Whitman news since 1896

Whitman Wire

Vol. CLIV, Issue 4
Whitman news since 1896

Whitman Wire

Whitman news since 1896

Whitman Wire

Center for Community Service expands programs

Two student-created community service programs, The Youth Adventure Program (Y.A.P.) and Adopt-A-Grandparent (A.A.G.), have been incorporated into the Center for Community Service (C.C.S.) this semester.

Junior Elena Gustafson started Y.A.P. during her first year at Whitman.

According to Lina Menard, the coordinator for C.C.S., Gustafson started Y.A.P. to fill a void in the community.

“She realized that there really wasn’t a program at Whitman or in the Walla Walla community that provided training and helped people to take kids out into the community…to play and learn more about the environment,” said Menard.

Now that Y.A.P. is a part of the Center for Community Service, Gustafson serves as the Y.A.P. intern.

Every student-run community service program that’s part of the Center has a paid student intern. The student-run programs at C.C.S. include Y.A.P., Adopt-A-Grandparent, the Story Time Project and the Mentor program. In addition, a community outreach intern coordinates seasonal and ongoing C.C.S. projects.

Menard emphasized the importance of student interns in the success of the community service programs.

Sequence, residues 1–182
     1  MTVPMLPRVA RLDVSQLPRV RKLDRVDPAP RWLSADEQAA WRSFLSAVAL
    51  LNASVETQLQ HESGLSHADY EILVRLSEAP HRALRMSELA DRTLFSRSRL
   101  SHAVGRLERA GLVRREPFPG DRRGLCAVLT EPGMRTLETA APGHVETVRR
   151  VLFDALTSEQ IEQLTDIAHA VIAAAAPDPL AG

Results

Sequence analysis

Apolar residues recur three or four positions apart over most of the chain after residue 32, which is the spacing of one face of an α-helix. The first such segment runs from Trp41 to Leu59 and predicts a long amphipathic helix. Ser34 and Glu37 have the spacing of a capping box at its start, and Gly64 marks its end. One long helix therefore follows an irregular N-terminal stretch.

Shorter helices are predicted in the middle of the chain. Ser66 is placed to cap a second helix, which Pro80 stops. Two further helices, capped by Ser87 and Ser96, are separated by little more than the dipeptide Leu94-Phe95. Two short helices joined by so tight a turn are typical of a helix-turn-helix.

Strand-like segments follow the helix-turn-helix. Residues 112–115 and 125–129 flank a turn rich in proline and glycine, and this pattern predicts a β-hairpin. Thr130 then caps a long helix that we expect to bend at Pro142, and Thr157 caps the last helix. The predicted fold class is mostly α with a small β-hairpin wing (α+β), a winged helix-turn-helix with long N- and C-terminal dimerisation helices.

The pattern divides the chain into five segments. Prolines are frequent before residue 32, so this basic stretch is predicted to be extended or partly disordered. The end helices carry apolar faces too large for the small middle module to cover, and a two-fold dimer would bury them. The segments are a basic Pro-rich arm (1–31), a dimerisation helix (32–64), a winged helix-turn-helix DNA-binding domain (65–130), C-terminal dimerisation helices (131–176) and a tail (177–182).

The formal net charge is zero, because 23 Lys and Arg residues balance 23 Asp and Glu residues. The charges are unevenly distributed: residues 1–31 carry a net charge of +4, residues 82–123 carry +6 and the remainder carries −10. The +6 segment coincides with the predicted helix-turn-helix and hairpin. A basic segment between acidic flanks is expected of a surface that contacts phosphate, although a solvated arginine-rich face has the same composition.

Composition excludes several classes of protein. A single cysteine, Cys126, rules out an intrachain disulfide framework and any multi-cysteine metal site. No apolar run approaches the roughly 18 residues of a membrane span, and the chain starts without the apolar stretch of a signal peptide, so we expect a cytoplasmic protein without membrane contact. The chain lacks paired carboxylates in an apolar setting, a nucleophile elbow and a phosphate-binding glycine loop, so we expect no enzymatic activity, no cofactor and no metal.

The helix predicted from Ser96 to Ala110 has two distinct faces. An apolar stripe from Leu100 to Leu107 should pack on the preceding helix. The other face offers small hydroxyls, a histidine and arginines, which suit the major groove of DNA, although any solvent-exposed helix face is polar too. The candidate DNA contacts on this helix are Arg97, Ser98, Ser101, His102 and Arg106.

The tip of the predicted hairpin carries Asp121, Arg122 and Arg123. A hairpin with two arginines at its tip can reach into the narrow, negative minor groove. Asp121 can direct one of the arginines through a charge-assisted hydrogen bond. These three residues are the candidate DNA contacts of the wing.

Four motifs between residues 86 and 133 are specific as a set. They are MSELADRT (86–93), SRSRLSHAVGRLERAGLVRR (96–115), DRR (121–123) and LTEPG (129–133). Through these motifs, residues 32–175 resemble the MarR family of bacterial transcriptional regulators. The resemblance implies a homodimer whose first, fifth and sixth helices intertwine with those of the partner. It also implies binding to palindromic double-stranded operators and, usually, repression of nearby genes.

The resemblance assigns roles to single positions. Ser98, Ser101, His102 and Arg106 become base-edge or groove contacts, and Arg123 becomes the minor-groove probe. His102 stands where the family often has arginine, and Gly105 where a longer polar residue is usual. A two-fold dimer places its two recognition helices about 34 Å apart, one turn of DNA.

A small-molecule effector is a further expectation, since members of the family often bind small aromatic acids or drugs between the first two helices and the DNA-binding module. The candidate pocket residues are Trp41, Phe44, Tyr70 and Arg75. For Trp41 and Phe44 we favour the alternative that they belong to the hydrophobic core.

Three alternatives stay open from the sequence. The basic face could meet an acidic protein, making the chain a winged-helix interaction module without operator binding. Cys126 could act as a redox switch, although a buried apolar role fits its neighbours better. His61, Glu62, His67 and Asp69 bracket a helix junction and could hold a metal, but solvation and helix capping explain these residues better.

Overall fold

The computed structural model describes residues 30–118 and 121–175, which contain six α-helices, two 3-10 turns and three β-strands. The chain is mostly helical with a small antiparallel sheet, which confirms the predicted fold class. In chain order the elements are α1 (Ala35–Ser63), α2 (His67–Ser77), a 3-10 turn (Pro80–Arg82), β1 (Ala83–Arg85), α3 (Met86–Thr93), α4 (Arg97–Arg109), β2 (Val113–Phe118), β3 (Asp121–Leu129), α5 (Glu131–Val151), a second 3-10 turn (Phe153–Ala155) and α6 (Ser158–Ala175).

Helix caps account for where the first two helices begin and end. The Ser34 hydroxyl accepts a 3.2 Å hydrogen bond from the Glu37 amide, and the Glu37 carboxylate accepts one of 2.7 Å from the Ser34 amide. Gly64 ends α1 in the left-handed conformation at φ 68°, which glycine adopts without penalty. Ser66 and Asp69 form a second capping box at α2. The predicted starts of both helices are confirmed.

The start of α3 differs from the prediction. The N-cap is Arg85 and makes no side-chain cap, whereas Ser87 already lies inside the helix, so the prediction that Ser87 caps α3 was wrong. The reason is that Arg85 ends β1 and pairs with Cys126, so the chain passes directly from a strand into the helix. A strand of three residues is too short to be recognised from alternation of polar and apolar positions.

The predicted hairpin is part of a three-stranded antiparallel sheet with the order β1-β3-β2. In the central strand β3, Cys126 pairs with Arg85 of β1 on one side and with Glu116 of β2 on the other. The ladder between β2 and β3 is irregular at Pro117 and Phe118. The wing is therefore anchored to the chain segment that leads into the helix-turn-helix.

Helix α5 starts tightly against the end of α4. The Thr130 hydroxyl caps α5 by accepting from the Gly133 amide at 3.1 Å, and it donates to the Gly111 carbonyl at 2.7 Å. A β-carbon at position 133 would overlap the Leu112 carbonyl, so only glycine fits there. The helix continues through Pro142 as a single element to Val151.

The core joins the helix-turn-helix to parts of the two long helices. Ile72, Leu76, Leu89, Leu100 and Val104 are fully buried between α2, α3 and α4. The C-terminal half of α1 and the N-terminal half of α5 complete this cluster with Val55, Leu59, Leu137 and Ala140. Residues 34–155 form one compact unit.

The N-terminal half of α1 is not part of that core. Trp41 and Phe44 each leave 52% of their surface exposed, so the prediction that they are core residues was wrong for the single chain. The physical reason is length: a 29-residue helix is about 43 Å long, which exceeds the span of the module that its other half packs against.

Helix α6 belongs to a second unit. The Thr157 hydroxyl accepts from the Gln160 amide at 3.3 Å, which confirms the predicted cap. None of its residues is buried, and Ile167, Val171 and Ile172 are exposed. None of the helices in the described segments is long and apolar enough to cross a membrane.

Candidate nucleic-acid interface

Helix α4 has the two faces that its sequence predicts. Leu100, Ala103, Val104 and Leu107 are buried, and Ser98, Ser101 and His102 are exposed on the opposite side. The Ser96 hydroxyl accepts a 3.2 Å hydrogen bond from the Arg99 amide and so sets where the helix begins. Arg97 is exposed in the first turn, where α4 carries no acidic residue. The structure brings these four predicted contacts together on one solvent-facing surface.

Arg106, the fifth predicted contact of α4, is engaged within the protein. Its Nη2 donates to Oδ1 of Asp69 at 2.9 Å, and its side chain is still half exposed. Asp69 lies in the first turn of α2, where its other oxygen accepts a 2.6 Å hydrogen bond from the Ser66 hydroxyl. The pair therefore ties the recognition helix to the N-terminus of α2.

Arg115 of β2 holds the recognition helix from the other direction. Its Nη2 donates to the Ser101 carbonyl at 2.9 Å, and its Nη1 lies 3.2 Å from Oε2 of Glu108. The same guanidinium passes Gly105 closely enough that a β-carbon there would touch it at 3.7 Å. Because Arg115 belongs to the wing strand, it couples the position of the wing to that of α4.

“Because we’ve been able to provide internships for each of our student-run programs, it has allowed us to give some committed time to coordinating the program, not just volunteering,” she said.

Adopt-A-Grandparent is the other student-run program that was integrated in to the Center for Community Service this spring. Sophomore Matt Manley started the program in the spring of 2008. He gathered a few friends together to “adopt grandparents” at the Washington Odd Fellows Home, a nursing home on Boyer Avenue.

“This past fall, he was coordinating, along with [sophomore] Kelsie Butts, to connect Whitman students with residents of Odd Fellows,” said Menard.

They managed to get about 20 Whitman students involved in the program last semester. Now that Adopt A Grandparent is part of the Center for Community Service, it’s likely that the program will grow even stronger: incorporation into the Center has its benefits.

“Because we work with so many contacts in the community, we can help students to network to figure out other resources that they might be able to work with,” said Menard.

Incorporation ensures that the program will continue into the future, despite fluctuations in student interest.

“It helps over time for there to be a little bit more continuity in the way the program is run,” she said.

Although incorporation into the Center has its benefits, a student-run program can still thrive independently.

“Both of these programs have been quite successful before coming under the Center umbrella,” said Menard, referring to Y.A.P. and A.A.G.

The Whitman community will benefit from the recent changes, though.

“Since the focus of course for the Center for Community Service is to get Whitman students, faculty and staff involved in the Walla Walla community, it makes sense for them to be a part of the center,” she said.

For more information about the Center for Community Service or any of its student-run programs, check out www.whitman.edu/content/community_service or visit the Center for Community Service office in Reid Campus Center (room 208).

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